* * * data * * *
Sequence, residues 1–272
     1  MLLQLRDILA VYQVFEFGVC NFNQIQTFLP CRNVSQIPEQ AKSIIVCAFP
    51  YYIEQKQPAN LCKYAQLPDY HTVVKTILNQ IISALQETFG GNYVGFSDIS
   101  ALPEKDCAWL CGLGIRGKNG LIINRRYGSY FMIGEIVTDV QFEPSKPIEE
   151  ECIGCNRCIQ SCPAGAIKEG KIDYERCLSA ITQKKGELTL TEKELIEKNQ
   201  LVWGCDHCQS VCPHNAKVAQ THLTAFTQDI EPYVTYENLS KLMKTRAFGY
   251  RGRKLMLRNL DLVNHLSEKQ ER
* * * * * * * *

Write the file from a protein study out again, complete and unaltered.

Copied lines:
Sequence, residues 1–272
     1  MLLQLRDILA VYQVFEFGVC NFNQIQTFLP CRNVSQIPEQ AKSIIVCAFP
    51  YYIEQKQPAN LCKYAQLPDY HTVVKTILNQ IISALQETFG GNYVGFSDIS
   101  ALPEKDCAWL CGLGIRGKNG LIINRRYGSY FMIGEIVTDV QFEPSKPIEE
   151  ECIGCNRCIQ SCPAGAIKEG KIDYERCLSA ITQKKGELTL TEKELIEKNQ
   201  LVWGCDHCQS VCPHNAKVAQ THLTAFTQDI EPYVTYENLS KLMKTRAFGY
   251  RGRKLMLRNL DLVNHLSEKQ ER